How to Grow: Tulips

Learn about tulips, including how to plant and grow them.

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podcast transcript

How to Grow: Tulips

Tulipa spp and hybrids


Other Name



Sun Requirements

full sun, part sun


Bloom Period and Seasonal Color

Spring to early summer in a wide range of flower shapes and almost every color of the rainbow


Mature Height x Spread

4 to 24 inches x 6 to 8 inches


Added Benefits

attracts beneficials


Tulips are the standard bearer for spring flowering bulbs. They are a vast group with a variety of plant sizes, flower shapes and colors. Sizes range from the diminutive species tulips to the tall Darwin varieties. Colors can be a deep purple, almost black, to the most pristine white, in single or double petals. The petals can also be curved, frilly and striped with different colors. By growing early, mid and late season varieties you can extend the tulip flowering season for weeks. Most may need more care than daffodils to keep blooming, but the show they put on is worth the effort. I’ve particularly have become found of the species tulips for their more wildflower-like appearance and low maintenance.


Where, When and How to Plant

Purchase bulbs in fall from your local garden center and plant when you would other spring flowering bulbs. Plant tulips in groups at a depth 3 times the diameter of the bulb and spaced 3 to 4 inches apart. Plant bulbs in a full to part sun location on well-drained soil with a small handful of a bulb fertilizer in each hole.


Growing Tips

Fertilize tulip bulbs in fall or early spring when they first start growing. Keep the soil evenly moist, but not over watered, to prevent the bulbs from rotting. Deadhead spent flowers, but allow the foliage to naturally yellow and die to rejuvenate the bulbs.


Regional Advice and Care

Most tulip types, except species tulips, will stop flowering after a period of a few years. If your tulips are sending up just leaves or the flowers are getting fewer and smaller each spring, divide the bulbs. After the leaves have yellowed, dig up the bulbs and separate the small bulblets off from the mother bulb. Replant all the bulbs with a small handful of fertilizer. Keep mice, voles, and chipmunks from eating the bulbs by placing crushed oyster shells or crushed seashells in the planting hole or planting the bulbs in a wire cage underground. Spray deer repellent to thwart deer from eating the flowers.


Companion Planting and Design

Tulips can be grown in large groups of all one color or multiple colors for an overwhelming, botanic garden-like display. They also look good mixed with other perennials and shrubs, such as catmint, peonies, iris, forsythia, and daphne. Plant them near perennials with lots of foliage, such as peonies and daylilies, to hide the yellowing tulip foliage in late spring. Tulips also make excellent cut flowers.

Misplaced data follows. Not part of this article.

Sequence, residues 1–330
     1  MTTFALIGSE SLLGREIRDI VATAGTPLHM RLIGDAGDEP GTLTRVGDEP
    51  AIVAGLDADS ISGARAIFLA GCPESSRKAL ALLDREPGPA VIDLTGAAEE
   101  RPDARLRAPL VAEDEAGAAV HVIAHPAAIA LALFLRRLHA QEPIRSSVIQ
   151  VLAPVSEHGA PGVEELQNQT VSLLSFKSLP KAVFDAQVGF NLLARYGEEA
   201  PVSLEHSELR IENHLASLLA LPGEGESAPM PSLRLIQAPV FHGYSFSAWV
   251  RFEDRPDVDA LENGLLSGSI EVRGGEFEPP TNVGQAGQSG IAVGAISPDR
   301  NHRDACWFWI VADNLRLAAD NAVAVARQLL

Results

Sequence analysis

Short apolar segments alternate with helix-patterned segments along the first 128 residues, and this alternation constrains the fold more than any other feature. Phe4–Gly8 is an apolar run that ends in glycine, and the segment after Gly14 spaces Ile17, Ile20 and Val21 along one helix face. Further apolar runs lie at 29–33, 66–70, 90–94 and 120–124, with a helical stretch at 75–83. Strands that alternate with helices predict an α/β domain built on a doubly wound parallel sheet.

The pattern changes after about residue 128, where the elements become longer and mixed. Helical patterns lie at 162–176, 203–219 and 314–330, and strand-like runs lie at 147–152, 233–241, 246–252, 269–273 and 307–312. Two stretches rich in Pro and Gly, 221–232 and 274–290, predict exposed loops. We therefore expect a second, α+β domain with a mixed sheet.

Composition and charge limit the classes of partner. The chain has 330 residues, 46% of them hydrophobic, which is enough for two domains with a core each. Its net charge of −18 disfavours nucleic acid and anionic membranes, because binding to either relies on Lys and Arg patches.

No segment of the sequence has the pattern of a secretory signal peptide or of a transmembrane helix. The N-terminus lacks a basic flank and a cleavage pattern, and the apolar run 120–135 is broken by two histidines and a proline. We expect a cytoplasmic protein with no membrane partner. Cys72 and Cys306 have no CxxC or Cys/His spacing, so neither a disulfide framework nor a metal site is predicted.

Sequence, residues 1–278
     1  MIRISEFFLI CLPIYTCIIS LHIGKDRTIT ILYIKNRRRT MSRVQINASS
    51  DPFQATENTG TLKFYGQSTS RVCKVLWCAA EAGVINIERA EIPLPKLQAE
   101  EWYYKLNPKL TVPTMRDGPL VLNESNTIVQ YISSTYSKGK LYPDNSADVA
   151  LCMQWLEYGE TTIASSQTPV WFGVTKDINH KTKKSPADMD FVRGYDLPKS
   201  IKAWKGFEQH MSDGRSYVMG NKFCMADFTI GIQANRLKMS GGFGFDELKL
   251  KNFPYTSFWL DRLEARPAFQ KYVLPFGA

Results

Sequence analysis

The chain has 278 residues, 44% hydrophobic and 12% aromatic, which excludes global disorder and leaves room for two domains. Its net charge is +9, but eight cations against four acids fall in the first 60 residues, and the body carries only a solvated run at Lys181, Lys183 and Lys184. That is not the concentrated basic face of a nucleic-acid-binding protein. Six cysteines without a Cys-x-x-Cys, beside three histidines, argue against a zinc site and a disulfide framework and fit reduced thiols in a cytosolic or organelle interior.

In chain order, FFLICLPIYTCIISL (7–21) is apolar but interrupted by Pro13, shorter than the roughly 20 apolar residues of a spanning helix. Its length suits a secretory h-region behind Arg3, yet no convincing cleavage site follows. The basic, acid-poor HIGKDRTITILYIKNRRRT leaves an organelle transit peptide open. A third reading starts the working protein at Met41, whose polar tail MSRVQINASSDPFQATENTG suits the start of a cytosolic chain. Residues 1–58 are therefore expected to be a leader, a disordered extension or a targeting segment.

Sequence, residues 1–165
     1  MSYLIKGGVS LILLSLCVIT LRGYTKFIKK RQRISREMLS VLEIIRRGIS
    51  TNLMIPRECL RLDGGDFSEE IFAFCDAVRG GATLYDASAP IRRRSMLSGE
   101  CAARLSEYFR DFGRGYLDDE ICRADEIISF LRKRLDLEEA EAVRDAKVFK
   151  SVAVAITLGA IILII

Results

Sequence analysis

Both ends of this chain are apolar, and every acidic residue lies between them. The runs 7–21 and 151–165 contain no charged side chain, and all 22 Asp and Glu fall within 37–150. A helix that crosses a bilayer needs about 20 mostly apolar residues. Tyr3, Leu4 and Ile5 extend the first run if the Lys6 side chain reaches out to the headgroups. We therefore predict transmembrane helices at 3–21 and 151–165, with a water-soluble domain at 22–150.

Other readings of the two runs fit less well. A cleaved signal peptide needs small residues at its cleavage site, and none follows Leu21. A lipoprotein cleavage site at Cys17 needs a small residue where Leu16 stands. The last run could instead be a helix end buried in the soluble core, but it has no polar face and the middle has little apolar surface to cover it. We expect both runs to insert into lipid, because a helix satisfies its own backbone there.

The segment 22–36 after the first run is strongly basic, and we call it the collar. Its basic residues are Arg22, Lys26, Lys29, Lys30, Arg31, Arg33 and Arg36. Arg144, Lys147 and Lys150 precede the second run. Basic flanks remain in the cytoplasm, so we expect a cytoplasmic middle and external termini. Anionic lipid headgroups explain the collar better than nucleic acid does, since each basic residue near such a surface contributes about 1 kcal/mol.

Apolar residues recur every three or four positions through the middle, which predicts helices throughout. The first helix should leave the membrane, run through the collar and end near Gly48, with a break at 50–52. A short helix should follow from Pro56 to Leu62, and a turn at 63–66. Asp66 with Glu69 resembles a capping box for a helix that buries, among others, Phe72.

Try These

Plant species tulips, such as ‘Lilac Wonder’ and ‘Lady Jane’, for a low growing tulip that will not only come back every year and flower, but will slowly spread. For the traditional varieties, try the ‘Darwin’, and ‘Triumph’ types with their tall stems, colorful flowers that are great for cutting. Lily-flowered tulips have curved, lily-leaves petals. ‘Angelique’ is a popular peony-flowered tulip with frilly, pink, double blossoms. ‘Parrot’ tulips have serrated-edged petals in a broad range of colors.

Excerpted from my book, New England Getting Started Garden Guide.


Podcast Transcript

As the beautiful colors of autumn spread across the countryside, today I’m going to talk about tulips! Originally from Turkey and used for medicinal purposes, the tulip has become one of the most popular spring flowering bulbs in the world. In the 1600s, tulipmania hit Europe where people spent their entire life savings to buy an individual bulb. The tuliptulip craze has waned, but I’m still crazy about growing them.

Plant tulips now in groups. Mass plant beds of all one color tulip or mixed colors. Consider unusually shaped hybrids such as the parrot, lily, and fringed tulips. I particularly like the species tulips. They are lower growing than hybrids, but have colorful, cup-shaped flowers, and more reliably come back each year compared to hybrids.

If you have limited planting space, try layering tulips with other bulbs. In well drained, loose soil, dig a hole and plant tulip bulbs about 5- to 6- inches deep. Barely cover bulbs with soil and place crocus bulbs on top of them planted 3- to 4-inches deep. Cover these bulbs and plant small bulbs such as snow drops or scilla a couple inches deep. Water well and enjoy the spring crescendo of bulbs starting with the small snow drops and ending with your tulips.

Now for this week’s tip, don’t dig all your root crops now. Leave some for a winter harvest. They’ll taste even sweeter. Cover beds in November with a 4- to 6-inch layer of hay or straw to protect roots from freezing and harvest all winter long.

From the Vermont Garden Journal on Vermont Public Radio.